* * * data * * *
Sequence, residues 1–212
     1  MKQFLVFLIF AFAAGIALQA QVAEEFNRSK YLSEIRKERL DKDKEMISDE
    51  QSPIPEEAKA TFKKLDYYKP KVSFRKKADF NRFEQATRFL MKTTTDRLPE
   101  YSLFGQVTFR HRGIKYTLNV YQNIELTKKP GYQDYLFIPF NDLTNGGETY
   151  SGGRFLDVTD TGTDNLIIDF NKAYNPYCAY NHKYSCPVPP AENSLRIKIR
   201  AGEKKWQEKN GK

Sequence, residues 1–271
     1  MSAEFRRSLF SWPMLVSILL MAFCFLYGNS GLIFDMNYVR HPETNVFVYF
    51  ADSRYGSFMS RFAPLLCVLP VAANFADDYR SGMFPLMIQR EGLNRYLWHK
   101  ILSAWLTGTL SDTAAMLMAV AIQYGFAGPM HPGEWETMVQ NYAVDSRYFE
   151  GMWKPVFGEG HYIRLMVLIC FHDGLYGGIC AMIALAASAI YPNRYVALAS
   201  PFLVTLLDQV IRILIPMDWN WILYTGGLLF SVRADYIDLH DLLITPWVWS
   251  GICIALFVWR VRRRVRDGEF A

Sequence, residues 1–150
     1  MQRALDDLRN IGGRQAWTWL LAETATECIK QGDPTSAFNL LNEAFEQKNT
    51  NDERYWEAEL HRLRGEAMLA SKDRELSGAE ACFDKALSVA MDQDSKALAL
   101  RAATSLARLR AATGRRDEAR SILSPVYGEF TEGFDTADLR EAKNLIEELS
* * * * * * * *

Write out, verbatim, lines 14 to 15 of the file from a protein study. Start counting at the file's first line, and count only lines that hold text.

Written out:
Sequence, residues 1–150
     1  MQRALDDLRN IGGRQAWTWL LAETATECIK QGDPTSAFNL LNEAFEQKNT